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AGs from 20 states call on Congress to change hemp definition

FL’s Ashley Moody isn’t among them


A bipartisan group of 20 state attorneys general and the AG of the District of Columbia sent a letter to congressional leaders in Washington, D.C. last week, calling on them to address the “glaring vagueness” created in the 2018 farm bill that they say has led to the “proliferation of intoxicating hemp products across the nation.”

Florida Attorney General Ashley Moody was not among those signing the letter, but perhaps she didn’t think she needed to be, given that the Florida Legislature passed a bill earlier this month (SB 1698) that does much of what the attorneys general across the country are asking for.

The Florida bill creates a new definition of lawful hemp that outlaws many current legal cannabinoids and imposes new THC caps on hemp-derived products. THC is the main component in cannabis that provides the psychoactive or “high” effect.

Meanwhile, Congress still hasn’t addressed the farm bill when it comes to redefining hemp, which is what prompted the state attorneys general from blue and red states alike to ask the chairs and vice chairs of the agriculture committees in the U.S. Senate and House to address the issue soon.

“This year’s anticipated reauthorization of the Farm Bill and the need for this reauthorization to make much-needed improvements to the statute established in 2018 comes at a critical time, as our states are being tested in our efforts to regulate these potentially dangerous products,” the AG’s wrote. “These intoxicating hemp products, by virtue of their potential hazard to consumers, must be regulated by each state. The definition of hemp should be amended to clarify that there is no federal hemp intoxicants loophole, and the 2023 reauthorization should reaffirm that members of Congress do not intend to limit states in restrictions or regulations related to cannabinoids or any other derivatives of hemp which are deemed intoxicating.”

The U.S. Hemp Roundtable, an organization that represents the hemp industry, is telling its members to call on Congress to protect the current definition of hemp under federal law.

“[B]y suggesting that Congress change the definition of ‘hemp’ – without specifying how – mischief could ensure which could likely result in the federal criminalization of currently-legal and popular hemp products. As we have seen in some states, efforts like this have even resulted in bans of non-intoxicating full-spectrum CBD products.”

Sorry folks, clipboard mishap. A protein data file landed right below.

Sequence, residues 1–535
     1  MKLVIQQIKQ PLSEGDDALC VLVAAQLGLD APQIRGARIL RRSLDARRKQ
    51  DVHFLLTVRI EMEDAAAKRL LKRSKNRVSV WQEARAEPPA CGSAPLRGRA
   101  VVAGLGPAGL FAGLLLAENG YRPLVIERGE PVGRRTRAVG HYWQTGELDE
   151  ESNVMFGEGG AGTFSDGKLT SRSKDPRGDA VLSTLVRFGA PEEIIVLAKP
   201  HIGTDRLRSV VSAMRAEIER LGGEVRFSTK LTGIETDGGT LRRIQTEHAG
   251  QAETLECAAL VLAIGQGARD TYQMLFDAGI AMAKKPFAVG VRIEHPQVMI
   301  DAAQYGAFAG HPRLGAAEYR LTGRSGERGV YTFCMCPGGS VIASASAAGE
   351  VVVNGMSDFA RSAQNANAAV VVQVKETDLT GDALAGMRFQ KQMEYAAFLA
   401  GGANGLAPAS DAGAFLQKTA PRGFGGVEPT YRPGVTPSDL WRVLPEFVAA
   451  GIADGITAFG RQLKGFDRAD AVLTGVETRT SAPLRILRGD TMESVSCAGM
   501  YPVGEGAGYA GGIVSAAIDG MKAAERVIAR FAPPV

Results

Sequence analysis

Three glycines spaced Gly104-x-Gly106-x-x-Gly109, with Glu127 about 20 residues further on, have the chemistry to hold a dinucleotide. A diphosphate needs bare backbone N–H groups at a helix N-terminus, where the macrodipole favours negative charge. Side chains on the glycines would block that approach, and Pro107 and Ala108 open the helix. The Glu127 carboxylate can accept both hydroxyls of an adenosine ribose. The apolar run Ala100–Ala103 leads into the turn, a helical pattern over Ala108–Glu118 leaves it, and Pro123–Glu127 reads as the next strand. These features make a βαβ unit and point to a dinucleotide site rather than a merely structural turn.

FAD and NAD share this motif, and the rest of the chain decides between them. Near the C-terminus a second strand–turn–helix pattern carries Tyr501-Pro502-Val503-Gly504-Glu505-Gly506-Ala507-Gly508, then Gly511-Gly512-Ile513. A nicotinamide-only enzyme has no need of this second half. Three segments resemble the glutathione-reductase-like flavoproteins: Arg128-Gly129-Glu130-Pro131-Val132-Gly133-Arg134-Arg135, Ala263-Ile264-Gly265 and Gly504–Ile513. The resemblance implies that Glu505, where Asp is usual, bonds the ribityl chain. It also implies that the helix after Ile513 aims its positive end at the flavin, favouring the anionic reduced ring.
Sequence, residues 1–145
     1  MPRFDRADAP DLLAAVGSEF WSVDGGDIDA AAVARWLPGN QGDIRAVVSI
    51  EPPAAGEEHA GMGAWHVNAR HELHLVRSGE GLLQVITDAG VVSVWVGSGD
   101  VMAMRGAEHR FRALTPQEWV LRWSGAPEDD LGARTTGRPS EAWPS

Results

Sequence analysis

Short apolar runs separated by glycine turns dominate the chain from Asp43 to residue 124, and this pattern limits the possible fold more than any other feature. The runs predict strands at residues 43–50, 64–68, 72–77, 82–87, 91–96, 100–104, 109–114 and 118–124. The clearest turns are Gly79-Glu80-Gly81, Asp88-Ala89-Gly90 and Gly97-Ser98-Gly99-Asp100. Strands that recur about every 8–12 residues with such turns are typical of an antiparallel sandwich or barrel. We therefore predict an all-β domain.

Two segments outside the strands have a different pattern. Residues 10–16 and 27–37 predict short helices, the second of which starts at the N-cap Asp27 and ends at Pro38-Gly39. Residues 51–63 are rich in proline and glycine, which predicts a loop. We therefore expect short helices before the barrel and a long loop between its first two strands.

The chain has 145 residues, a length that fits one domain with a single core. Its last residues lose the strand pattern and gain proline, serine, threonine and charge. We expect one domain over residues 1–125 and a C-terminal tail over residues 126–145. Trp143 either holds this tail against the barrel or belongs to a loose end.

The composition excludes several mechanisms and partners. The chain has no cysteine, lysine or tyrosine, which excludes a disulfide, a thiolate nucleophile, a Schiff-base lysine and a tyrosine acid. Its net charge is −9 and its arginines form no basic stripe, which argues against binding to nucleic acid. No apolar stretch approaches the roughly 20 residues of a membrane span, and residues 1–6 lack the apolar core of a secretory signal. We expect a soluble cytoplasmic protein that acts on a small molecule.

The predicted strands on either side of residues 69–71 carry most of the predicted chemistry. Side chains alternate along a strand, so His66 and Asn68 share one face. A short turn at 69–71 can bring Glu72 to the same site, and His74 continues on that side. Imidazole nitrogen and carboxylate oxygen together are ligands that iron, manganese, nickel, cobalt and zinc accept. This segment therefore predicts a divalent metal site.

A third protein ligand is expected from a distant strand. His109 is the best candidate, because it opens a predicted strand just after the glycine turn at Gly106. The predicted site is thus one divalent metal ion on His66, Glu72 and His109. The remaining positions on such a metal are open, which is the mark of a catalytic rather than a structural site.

While Moody did not respond to the Phoenix’s request for comment about the letter, Agriculture Commissioner Wilton Simpson did.

“I think it is appropriate for Congress to address hemp nationally,” Simpson told the Phoenix on Monday. “Florida, like many other states, is seeing too many consequences of the hemp loophole. We acted based on the advice of law enforcement and health care professionals. This commonsense law will save lives.”

The Florida bill would ban not only delta-8 THC, but also delta-10 THC and other compounds. It also puts a cap on the amount of THC in hemp-derived products to 5 milligrams per individual servings, and 50 milligrams per container, leading to criticism from members of the hemp industry that those caps are so low that it will reduce demand for the items and could drive them out of business.

But Manatee County Republican Tommy Gregory, who sponsored the bill on the House, said on the floor earlier this month that if it were up to him, there would be zero milligrams per serving.

“I wish we could go to zero, but we don’t have the votes here today to do that. And some of my colleagues agree with me that we should just ban them all right now,” he said.

Since its passage by the Legislature earlier this month, opponents of the bill have been calling on the governor to veto it.

“By classifying products like CBD, including well-known strains such as Charlotte’s Web, as controlled substances, SB 1698 will shut down over 5,000 licensed local businesses, and the livelihoods of over 64,000 employees earning $7.3 billion in wages,” reads a form letter that the Florida Healthy Alternatives Association is asking their members to send to DeSantis.

“This will be a devastating loss of jobs and economic stability for countless families. Many of these businesses moved to the Free State of Florida to escape rampant government over control in states like California and this bill will pull the rug out from under their feet.”

The Legislature has yet to send the bill to the governor. Once received, he’ll have 15 days to sign the measure, veto it, or do nothing and allow it to become law.

Florida Phoenix is part of States Newsroom, a nonprofit news network supported by grants and a coalition of donors as a 501c(3) public charity. Florida Phoenix maintains editorial independence. Contact Editor Diane Rado for questions: info@floridaphoenix.com. Follow Florida Phoenix on Facebook and Twitter.


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  • Cat L

    I don't understand why people still think DeSantis is a supporter of freedom. I have lost rights, and am in a far more challenging economic situation since he came into office, (despite making more) and he ABSOLUTELY does NOT support home rule, look at what's happening to Annamaria...

    What he is good at is spinning a story into advantageous publicity and encouraging American on American hate.

    Wednesday, March 27 Report this